It makes total sense that Abed is a fan of Quentin Tarantino. Both have minds that are essentially Raiders of the Lost Ark warehouses filled with pop culture ephemera, both make references within references within references, and both can be extremely awkward when faced with the prospect of a normal, straightforward conversation. All of which is why dedicating an entire episode of Community to just making Pulp Fiction jokes would make complete sense and would probably be totally fantastic. But the writers on Community are too clever for that, and as the show progressed, the bespoke suits and gunplay of Pulp Fiction somehow morphed into the beige jackets and wordplay of My Dinner With Andre, combining one of the coolest movies of all time what is likely one of the least cool. (With the exception, of course, of the My Dinner With Andre action figures.) READ FULL STORY »
Tag: Community (81-90 of 155)
upcoming Pulp Fiction episode, or the episode of South Park that riffed on TRON (before TRON was briefly cool and then lame again). You can thank The Simpsons for all the nonstop pop culture references — Matt Groening’s iconic animated series turned hyper-referentiality into an art form, regularly packing in throwaway references to high and low culture right from the start.We live in an era of hyper-referential humor. Shows as diverse as Glee, Community, and South Park all regularly feature “theme” episodes that riff on pop culture iconography — look at Glee‘s Christmas episode (in which Sue Sylvester re-enacted How the Grinch Stole Christmas), or Community‘s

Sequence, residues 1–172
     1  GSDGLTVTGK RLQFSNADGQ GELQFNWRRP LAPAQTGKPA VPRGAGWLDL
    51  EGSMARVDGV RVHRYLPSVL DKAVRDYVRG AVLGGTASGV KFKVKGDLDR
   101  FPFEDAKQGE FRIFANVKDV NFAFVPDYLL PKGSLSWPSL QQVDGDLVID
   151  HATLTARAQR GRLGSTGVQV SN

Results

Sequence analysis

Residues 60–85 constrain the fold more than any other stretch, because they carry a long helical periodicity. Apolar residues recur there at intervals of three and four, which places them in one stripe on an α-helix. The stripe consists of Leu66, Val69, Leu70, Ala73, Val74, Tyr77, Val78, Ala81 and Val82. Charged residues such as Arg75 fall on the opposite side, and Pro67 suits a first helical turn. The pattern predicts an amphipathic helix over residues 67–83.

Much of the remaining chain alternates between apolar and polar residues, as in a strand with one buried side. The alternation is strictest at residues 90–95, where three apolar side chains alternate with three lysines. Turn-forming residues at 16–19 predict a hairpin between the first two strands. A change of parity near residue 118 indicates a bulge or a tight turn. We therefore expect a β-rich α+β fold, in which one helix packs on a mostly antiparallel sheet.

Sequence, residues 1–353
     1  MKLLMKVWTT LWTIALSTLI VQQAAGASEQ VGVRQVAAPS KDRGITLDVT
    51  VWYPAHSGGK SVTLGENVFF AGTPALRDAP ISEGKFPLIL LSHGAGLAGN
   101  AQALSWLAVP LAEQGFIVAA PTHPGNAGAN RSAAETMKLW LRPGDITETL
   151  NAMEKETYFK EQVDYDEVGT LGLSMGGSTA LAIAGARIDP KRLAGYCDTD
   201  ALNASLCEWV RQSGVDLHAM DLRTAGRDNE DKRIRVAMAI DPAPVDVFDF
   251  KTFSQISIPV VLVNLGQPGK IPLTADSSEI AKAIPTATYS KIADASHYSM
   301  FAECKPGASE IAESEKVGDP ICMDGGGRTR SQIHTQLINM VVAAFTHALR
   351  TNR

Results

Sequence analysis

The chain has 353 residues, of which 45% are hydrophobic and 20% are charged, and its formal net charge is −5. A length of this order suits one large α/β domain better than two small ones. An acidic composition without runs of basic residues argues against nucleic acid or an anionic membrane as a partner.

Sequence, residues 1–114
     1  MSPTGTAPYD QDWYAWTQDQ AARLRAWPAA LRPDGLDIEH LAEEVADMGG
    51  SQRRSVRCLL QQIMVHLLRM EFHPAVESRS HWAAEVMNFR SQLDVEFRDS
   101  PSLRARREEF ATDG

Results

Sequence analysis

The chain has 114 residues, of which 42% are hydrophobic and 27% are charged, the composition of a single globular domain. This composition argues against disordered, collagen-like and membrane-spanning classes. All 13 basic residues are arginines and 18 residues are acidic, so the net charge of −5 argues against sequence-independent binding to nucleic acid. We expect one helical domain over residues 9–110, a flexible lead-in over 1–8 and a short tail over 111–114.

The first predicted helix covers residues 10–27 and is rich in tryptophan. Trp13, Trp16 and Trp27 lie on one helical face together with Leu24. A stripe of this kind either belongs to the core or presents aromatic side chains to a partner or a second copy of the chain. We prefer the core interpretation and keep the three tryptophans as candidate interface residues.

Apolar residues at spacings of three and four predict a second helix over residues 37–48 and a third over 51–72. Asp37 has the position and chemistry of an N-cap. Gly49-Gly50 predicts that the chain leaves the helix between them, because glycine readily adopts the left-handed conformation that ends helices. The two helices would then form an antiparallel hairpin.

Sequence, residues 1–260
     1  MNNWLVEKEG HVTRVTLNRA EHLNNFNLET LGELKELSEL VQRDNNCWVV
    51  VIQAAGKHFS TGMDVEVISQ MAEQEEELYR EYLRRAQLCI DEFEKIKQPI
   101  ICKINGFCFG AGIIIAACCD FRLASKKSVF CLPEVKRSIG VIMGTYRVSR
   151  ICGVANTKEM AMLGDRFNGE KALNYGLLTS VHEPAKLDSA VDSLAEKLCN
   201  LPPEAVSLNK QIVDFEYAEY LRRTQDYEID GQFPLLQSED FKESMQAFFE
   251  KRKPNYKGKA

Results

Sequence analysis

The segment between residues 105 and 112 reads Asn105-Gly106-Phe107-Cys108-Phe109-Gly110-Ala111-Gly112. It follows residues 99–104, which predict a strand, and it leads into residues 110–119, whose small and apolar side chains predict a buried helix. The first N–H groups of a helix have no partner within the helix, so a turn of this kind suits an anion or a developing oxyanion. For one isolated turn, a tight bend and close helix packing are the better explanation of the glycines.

Even after a decade of diminishing returns, the show’s place in the TV pantheon is secure… or is it? Salon‘s Matt Zoller Seitz has written an intriguing argument that shows built on pop culture nods — what he calls “footnote shows” — simply don’t age well. (He singles out an extended Hollywood Squares joke in an early-’90s Simpsons episode.) Considering how much of TV humor is now constructed on a foundation of referentiality, it’s definitely worth considering: Will we still consider “footnote shows” funny decades from now? READ FULL STORY »
PopWatch asked readers to name the TV character they’d date in real life. After tallying more than 2,000 nominations (yes, we read them all), we’re ready to take it to a vote. We’ve put your top picks — 25 men, and 29 women (there was a tie for that last spot) — in two polls below. Vote now through Tuesday at midnight ET. Come back Friday when we’ll reveal the results. Remember: You can’t change anything about the character you’re picking, other than that he or she will no longer have feelings for his or her show love interest. (Second rule: Do not feel guilty.) Note: The order the characters are listed in the polls below is how they ranked during the first round, when you could be indecisive. What will happen when you can only pick one? READ FULL STORY »Last week,